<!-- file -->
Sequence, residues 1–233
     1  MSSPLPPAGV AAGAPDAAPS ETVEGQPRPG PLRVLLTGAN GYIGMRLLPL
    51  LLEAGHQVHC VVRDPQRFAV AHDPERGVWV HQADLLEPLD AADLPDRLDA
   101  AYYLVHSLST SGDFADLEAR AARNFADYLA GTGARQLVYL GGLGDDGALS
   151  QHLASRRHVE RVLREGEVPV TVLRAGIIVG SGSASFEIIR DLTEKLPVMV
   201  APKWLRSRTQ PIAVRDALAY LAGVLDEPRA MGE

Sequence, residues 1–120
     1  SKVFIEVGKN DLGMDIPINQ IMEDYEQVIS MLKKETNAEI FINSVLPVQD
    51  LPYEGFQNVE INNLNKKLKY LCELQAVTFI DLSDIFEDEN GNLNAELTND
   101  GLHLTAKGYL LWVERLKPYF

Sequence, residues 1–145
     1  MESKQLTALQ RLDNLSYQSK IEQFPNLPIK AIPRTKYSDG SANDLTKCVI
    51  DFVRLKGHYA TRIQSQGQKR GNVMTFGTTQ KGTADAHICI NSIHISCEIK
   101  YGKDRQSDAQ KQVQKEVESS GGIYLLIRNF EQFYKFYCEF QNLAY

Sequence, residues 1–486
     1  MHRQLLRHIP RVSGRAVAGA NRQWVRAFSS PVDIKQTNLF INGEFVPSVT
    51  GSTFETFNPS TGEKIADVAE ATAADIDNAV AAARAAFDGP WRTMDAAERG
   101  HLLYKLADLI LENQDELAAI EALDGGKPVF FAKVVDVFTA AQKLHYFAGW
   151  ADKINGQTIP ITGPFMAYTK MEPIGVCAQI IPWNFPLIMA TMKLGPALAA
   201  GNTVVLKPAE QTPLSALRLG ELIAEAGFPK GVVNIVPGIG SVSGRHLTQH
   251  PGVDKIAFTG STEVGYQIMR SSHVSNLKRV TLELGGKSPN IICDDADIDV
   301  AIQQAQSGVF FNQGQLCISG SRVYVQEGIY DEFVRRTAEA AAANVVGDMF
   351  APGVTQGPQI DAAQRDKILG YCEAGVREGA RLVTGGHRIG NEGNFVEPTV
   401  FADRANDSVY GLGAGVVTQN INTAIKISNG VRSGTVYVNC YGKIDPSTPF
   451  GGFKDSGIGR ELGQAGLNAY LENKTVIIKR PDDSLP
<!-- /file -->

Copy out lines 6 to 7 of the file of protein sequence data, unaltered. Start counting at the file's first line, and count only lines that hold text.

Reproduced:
   201  APKWLRSRTQ PIAVRDALAY LAGVLDEPRA MGE

Sequence, residues 1–120